Some comics pretty much defy description and codification – and a good thing too.

The purest form of graphic narrative creates connections with the reader that occur on a visceral, pre-literate level, visually meshing together on a page to produce something which makes feelings – if not necessarily sense.

When creators can access that pictorially responsive area of our brains as well as these two by ricocheting around the peripheries of the art form with such hilariously enticing and bizarrely bemusing concoctions, all serious fans and readers should sit up and take notice.

No more hints: go find this fabulously funny book now.

© 2003 Tom Gauld and Simone Lia. All rights reserved.
You can see more of their work at www.tomgauld.com and simonelia.com

Captain Pugwash and the Quest of the Golden Handshake


By John Ryan (Fontana Picture Lions/Puffin)
ISBN: 0-00-662253-4 (Fontana 1985)   978-0-14055-486-1 (Puffin 1997)

Paperback: 32 pages

I recently reviewed an old John Ryan kid’s book and enjoyed it so much that I simply had to share another all-ages masterpiece with you…

John Ryan was an artist and storyteller who straddled three distinct disciplines of graphic narrative, with equal qualitative if not financial success.

The son of a diplomat, Ryan was born in Edinburgh on March 4th 1921, served in Burma and India and, after attending the Regent Street Polytechnic (1946-48), took up a post as assistant Art Master at Harrow School from 1948 to 1955. It was during this time that he began contributing strips to Fulton Press publications.

On April 14th 1950 Britain’s grey, post-war gloom was partially lifted with the first issue of a new comic that literally gleamed with light and colour with which avid children were soon understandably enraptured; blown away by the gloss and dazzle of Dan Dare, Pilot of the Future, a charismatic star-turn venerated to this day and a host of other spectacularly illustrated stories strips and features.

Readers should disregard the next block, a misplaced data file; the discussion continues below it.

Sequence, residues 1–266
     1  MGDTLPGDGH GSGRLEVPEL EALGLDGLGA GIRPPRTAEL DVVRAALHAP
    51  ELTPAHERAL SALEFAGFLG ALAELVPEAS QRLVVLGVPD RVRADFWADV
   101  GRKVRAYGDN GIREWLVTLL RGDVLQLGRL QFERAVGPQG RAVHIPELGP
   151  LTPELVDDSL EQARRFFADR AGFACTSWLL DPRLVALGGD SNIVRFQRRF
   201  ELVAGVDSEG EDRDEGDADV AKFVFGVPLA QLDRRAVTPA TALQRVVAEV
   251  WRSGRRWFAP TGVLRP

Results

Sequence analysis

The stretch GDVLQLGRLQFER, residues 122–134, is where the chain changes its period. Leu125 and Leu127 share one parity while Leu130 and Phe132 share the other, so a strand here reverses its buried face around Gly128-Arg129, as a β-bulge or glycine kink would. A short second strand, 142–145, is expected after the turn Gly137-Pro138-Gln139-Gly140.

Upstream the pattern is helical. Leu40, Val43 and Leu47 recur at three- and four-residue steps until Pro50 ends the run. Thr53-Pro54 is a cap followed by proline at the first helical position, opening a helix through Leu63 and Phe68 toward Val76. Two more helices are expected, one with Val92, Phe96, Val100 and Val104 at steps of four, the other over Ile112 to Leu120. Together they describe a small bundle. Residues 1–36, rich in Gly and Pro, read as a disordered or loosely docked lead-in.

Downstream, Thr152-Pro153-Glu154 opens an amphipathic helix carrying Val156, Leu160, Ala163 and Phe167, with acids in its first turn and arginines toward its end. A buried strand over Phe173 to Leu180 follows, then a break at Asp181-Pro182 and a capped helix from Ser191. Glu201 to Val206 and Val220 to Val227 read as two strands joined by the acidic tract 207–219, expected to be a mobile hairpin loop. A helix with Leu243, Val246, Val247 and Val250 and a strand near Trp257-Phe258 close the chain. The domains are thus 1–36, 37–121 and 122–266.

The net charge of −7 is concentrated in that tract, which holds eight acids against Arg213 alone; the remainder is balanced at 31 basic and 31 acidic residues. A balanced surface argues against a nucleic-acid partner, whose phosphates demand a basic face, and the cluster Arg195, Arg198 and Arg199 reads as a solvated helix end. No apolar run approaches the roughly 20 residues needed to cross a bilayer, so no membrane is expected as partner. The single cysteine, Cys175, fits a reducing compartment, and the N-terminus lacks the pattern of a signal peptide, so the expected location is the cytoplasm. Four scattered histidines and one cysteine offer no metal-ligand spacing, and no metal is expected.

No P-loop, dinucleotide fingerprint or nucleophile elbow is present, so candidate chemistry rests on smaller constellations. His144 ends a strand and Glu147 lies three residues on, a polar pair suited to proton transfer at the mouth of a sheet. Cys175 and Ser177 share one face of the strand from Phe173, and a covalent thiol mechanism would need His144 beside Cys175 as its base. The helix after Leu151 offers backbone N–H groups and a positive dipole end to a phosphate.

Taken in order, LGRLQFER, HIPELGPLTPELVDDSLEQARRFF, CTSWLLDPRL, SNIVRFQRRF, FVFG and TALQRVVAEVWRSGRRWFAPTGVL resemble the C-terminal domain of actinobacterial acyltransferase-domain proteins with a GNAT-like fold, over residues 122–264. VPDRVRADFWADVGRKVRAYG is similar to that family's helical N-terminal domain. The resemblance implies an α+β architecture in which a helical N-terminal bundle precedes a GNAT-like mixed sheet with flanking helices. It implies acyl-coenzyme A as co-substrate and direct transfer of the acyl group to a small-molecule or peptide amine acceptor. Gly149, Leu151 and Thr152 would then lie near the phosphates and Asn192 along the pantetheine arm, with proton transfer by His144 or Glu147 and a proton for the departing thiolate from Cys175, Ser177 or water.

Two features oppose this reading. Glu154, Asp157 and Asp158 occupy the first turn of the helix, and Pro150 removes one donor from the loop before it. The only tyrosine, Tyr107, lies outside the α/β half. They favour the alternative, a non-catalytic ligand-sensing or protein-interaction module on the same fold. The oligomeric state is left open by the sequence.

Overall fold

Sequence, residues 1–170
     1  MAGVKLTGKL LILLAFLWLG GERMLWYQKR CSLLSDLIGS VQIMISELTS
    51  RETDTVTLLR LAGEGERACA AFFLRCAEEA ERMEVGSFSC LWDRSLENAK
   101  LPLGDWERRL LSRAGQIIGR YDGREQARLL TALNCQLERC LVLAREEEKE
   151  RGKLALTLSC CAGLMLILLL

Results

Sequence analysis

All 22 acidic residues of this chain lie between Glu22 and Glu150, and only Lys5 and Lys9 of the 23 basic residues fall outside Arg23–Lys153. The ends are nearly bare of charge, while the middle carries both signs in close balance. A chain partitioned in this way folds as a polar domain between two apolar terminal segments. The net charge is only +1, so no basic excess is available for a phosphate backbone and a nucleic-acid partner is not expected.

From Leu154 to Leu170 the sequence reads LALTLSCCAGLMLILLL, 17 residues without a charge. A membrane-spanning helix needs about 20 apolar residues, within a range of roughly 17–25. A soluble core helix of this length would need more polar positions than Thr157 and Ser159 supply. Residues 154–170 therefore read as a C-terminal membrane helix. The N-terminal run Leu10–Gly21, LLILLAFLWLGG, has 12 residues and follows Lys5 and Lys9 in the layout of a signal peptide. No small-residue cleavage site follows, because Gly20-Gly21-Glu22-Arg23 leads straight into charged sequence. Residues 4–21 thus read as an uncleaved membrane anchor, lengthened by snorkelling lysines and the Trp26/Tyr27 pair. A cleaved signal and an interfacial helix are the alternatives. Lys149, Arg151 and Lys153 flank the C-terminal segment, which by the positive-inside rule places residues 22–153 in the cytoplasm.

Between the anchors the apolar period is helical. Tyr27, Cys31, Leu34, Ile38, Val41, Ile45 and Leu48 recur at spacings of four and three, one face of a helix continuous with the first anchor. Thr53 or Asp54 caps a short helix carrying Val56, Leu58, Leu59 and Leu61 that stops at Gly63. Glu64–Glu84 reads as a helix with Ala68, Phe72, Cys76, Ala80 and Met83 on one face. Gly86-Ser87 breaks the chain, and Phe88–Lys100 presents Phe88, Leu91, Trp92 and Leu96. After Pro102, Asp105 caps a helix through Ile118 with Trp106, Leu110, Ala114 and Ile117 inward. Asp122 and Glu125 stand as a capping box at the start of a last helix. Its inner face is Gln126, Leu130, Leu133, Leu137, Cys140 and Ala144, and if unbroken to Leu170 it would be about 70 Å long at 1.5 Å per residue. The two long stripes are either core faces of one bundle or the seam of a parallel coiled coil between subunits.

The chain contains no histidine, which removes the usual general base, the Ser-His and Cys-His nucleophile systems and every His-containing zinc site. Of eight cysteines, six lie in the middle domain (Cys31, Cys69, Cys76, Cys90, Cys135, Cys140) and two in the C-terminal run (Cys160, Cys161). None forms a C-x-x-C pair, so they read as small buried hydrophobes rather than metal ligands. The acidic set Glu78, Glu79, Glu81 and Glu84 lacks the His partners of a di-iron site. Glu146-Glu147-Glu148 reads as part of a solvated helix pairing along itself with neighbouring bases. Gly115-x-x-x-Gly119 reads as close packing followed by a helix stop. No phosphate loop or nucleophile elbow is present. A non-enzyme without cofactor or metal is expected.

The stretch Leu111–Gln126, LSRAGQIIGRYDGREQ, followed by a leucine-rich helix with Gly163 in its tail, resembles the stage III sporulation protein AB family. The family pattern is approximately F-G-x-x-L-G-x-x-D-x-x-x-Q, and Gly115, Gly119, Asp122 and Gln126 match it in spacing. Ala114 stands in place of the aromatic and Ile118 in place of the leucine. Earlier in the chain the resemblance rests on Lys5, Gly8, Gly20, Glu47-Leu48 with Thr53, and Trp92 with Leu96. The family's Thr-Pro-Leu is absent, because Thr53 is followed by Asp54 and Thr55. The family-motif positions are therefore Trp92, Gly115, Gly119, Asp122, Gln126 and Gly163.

The Eagle was a tabloid-sized paper with full colour inserts alternating with text and a range of various other comic features. “Tabloid” is a big page and one can get a lot of material onto each one. Deep within, on the bottom third of a monochrome page was an eight panel strip entitled ‘Captain Pugwash – The story of a Bad Buccaneer and the many Sticky Ends which nearly befell him’ delivered with dash and aplomb by John Ryan.

The indefatigable artist’s quirky, spiky style also lent itself to the numerous spot illustrations required throughout the comic every week and he also regularly produced ‘Lettice Leefe, the Greenest Girl in School’ for Eagle’s distaff companion comic Girl.

Pugwash, his harridan of a wife and the useless, lazy crew of the Black Pig ran until issue #19 when the feature disappeared.

This was no real hardship as Ryan had been writing and illustrating the incomparable and brilliantly mordant ‘Harris Tweed – Extra Special Agent’ a full page (tabloid, remember, upwards of twenty crammed and meticulously detail stuffed panels a page, per week) from The Eagle #16 onwards.

Tweed ran for three years as a full page until 1953 when it dropped to a half page strip and was repositioned as a purely comedic venture.

In 1956 the indefatigable old sea-dog (I’m referring to Horatio Pugwash, but it could so easily be Ryan: an unceasing story-peddler with a big family, he still found time to be head cartoonist at the Catholic Herald for four decades) made the jump to children’s picture books and animated features for television.

A Pirate Story was the first Pugwash chronicle (originally published by Bodley Head before switching to the children’s publishing specialist Puffin) and the first of a huge run of children’s books on a number of different subjects. Pugwash himself starred in 21 tomes; there were a dozen books based on the animated series Ark Stories, as well as Sir Prancelot and a number of other creations. Ryan worked whenever he wanted to in the comic world and eventually the books and the strips began to cross-fertilise.